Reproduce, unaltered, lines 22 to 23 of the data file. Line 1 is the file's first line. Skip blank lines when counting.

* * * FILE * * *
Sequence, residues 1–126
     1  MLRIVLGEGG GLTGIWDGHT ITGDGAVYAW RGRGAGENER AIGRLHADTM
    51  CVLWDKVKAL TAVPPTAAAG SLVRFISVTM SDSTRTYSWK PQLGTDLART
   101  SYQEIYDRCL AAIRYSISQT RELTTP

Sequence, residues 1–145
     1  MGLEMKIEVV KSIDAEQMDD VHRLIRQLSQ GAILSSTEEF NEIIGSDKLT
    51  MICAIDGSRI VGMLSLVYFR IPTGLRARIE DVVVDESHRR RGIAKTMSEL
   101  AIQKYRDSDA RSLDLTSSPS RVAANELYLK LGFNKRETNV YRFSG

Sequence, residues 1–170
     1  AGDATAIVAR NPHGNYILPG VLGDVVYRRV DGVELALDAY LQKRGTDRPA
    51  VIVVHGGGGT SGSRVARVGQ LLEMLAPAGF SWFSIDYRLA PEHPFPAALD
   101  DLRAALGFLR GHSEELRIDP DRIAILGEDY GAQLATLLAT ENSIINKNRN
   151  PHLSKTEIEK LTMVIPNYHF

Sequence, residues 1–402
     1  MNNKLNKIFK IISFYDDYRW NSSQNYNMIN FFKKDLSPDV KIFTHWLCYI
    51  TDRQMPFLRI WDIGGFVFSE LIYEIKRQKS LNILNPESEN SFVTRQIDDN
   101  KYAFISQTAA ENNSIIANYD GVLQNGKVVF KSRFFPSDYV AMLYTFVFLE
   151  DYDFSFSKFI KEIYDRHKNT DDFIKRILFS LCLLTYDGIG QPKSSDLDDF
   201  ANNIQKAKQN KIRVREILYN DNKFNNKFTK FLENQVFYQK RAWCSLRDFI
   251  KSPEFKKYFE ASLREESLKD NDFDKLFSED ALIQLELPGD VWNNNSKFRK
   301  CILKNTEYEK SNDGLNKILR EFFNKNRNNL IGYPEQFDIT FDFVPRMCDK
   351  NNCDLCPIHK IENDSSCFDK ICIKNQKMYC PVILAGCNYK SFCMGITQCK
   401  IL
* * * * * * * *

   351  NNCDLCPIHK IENDSSCFDK ICIKNQKMYC PVILAGCNYK SFCMGITQCK
   401  IL